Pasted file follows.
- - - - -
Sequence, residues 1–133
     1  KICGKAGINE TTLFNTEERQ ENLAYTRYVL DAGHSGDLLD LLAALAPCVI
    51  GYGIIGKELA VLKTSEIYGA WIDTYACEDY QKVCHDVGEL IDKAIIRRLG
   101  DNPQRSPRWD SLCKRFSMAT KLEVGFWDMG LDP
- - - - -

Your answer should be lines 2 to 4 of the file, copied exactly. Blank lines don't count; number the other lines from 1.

     1  KICGKAGINE TTLFNTEERQ ENLAYTRYVL DAGHSGDLLD LLAALAPCVI
    51  GYGIIGKELA VLKTSEIYGA WIDTYACEDY QKVCHDVGEL IDKAIIRRLG
   101  DNPQRSPRWD SLCKRFSMAT KLEVGFWDMG LDP